For Chrysler LLC dealers who have struggled as the automaker's sales have plunged, the announcement of a new global partner — Fiat S.p.A. — was good news.
The alliance will give Chrysler access to Fiat's small-car platforms, powertrains and components. Fiat-designed vehicles will be built at Chrysler plants and sold through Chrysler dealerships. In turn, Fiat's distribution network will sell Chrysler vehicles in markets outside the United States.
Chuck Eddy, owner of Bob and Chuck Eddy Chrysler-Dodge-Jeep in Austintown, Ohio, said the Chrysler-Fiat alliance is great news for dealers.
"We don't build a little car, and they don't build a big car," said Eddy, who was an Alfa Romeo dealer for several years the last time that brand sold vehicles in the United States. Alfa Romeo, a Fiat brand, stopped exporting cars to the United States in 1995. Alfa Romeo now sells the low-volume, high-performance Competizione through Maserati dealerships and has been pondering a full return.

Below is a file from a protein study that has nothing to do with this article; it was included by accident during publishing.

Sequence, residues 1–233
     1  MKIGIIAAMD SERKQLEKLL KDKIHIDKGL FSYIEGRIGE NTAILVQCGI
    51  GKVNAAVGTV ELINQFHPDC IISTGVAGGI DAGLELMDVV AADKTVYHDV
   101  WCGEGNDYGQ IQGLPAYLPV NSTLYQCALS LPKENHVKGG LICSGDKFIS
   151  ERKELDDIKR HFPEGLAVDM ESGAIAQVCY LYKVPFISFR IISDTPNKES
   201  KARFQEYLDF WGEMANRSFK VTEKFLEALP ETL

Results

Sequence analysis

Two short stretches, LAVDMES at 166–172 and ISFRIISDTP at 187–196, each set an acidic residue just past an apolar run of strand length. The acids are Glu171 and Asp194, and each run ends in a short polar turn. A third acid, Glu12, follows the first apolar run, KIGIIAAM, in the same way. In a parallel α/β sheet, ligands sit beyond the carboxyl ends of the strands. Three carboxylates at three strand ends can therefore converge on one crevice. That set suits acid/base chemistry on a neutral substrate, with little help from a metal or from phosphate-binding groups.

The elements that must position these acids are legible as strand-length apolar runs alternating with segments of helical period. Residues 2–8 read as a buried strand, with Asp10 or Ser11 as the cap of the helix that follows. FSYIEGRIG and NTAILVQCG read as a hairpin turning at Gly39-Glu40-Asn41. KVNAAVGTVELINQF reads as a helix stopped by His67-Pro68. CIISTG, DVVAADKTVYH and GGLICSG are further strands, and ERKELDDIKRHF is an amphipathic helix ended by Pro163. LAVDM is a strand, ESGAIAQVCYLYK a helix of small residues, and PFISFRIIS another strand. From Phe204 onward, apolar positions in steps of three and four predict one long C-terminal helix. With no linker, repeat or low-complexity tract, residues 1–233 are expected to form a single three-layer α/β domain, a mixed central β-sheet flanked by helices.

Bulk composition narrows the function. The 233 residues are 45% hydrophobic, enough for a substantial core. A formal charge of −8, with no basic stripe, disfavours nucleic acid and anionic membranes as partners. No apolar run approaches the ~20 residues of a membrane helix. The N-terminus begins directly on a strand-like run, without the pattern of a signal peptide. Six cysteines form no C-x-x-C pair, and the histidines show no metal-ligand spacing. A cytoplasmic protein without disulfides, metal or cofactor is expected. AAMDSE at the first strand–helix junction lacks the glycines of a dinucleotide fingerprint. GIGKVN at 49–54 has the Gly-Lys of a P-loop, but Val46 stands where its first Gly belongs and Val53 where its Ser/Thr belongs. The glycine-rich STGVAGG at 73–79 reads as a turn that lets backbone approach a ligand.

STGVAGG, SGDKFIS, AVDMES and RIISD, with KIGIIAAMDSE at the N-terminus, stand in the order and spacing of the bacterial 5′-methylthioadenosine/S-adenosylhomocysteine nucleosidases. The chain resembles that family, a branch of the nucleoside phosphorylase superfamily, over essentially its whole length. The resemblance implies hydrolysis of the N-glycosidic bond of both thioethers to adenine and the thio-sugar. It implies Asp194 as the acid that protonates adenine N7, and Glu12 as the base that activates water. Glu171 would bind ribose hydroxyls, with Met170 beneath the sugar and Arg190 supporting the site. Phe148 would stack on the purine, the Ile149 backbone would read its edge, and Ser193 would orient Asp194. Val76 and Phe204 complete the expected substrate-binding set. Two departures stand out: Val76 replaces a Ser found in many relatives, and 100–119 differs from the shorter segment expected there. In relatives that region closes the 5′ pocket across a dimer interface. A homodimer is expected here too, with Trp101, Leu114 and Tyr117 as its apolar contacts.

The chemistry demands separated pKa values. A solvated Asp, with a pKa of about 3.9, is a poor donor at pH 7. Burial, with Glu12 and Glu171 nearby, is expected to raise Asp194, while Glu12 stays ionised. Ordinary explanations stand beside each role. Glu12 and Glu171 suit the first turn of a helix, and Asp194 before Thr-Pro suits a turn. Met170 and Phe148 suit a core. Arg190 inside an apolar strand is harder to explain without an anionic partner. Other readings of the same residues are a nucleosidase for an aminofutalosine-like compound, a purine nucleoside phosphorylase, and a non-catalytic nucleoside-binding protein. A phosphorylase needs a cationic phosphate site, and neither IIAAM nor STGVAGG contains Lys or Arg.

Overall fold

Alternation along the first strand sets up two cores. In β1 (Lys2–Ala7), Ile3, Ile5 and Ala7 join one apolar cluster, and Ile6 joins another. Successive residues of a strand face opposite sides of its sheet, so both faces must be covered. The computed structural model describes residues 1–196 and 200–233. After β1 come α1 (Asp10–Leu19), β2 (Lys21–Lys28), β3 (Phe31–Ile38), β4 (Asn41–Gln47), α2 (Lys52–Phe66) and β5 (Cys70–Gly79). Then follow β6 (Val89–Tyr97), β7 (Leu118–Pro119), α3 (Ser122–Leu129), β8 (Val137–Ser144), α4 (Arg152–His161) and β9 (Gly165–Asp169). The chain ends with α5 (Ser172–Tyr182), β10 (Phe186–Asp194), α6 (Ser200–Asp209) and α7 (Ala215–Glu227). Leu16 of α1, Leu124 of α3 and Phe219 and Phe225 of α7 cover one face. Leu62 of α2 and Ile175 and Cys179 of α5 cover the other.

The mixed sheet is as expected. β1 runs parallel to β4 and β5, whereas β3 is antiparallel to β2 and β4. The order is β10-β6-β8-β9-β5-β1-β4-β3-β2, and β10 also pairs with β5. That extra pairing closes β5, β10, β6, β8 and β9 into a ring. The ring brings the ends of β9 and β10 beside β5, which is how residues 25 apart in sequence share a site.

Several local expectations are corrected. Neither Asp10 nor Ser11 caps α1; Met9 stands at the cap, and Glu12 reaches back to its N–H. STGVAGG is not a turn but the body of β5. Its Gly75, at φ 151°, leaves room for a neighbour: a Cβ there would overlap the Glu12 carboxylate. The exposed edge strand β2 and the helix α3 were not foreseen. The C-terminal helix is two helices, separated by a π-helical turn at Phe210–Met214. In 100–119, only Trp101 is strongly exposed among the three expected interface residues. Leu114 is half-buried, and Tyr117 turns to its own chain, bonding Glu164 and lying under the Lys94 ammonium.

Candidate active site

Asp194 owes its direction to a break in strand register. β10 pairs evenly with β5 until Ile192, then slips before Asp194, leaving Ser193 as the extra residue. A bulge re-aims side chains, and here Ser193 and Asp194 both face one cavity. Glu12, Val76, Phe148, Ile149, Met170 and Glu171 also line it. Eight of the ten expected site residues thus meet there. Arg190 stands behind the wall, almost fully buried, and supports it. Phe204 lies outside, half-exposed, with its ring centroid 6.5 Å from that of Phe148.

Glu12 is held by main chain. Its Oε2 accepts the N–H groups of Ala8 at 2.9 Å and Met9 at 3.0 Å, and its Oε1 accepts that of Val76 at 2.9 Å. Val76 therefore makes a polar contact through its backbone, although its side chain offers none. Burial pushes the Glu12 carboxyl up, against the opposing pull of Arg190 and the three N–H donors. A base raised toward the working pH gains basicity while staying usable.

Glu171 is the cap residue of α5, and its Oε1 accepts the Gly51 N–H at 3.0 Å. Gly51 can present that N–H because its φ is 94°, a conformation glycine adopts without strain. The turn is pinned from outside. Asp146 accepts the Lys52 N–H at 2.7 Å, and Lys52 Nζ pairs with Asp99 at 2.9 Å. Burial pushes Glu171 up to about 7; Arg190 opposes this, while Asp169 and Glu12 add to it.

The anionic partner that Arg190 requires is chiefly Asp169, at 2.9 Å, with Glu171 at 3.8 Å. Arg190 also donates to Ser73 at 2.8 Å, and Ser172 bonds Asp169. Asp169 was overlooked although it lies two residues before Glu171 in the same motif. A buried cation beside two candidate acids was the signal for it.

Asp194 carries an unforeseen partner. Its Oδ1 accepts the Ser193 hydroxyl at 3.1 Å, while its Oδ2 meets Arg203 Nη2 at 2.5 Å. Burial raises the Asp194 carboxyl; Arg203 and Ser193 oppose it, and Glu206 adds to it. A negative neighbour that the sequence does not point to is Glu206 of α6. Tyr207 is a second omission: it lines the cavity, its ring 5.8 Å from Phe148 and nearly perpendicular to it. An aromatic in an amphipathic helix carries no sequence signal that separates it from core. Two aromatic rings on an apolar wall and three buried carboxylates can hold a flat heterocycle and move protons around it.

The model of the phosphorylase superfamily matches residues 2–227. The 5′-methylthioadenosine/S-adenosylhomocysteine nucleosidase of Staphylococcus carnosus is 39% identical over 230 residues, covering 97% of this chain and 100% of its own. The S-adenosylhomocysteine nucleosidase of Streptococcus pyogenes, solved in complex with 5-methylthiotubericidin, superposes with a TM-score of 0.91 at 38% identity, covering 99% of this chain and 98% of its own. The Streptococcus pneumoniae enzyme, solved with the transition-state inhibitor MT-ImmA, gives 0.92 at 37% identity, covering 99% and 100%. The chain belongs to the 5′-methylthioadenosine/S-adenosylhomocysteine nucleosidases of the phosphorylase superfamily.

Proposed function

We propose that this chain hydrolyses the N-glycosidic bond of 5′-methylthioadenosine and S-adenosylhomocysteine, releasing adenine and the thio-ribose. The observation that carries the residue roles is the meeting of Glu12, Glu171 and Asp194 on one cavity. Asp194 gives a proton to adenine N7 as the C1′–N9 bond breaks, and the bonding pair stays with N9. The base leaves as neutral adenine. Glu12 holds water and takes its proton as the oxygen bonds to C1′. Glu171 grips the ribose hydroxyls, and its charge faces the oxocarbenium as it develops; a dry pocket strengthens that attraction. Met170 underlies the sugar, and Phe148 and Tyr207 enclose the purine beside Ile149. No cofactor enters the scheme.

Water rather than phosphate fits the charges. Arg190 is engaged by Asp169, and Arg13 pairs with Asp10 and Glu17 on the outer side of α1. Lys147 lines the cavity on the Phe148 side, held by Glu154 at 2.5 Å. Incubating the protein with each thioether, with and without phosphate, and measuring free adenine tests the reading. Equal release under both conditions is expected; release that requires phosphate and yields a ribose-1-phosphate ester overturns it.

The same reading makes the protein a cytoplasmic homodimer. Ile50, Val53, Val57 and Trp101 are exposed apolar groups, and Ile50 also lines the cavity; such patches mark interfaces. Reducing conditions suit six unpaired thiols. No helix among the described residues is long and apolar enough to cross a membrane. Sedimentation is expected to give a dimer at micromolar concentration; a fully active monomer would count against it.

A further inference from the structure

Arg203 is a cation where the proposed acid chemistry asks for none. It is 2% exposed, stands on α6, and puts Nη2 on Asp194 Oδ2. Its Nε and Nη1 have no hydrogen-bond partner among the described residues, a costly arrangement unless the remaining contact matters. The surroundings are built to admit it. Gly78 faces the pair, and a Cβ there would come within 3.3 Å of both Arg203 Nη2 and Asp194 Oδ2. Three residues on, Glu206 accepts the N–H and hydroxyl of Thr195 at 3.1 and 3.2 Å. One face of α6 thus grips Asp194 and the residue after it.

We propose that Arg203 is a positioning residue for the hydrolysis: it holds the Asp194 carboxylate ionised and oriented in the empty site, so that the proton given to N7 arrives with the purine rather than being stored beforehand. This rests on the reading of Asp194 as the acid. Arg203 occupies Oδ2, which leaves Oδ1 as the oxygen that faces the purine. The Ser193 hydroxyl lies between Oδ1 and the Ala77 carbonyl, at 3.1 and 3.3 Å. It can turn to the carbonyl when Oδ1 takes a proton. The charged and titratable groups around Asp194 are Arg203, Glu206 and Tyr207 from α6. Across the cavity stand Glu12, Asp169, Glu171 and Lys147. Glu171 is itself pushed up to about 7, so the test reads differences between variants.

Said Wes Lutz, owner of Extreme Dodge in Jackson, Mich.: "I go to Europe and I see thousands and thousands of Fiats running around. They've got diesel technology and small-car platforms. I don't know what it costs to develop a platform, but I think it's very expensive. If you've got a proven platform, why not share?"
"I think it's a great strategic move," said Jerry Golinvaux, president of Roseville Chrysler-Jeep-Dodge in Roseville, Minn., a Minneapolis suburb. He said Chrysler's partnership can show lawmakers in Washington that the company has a real plan.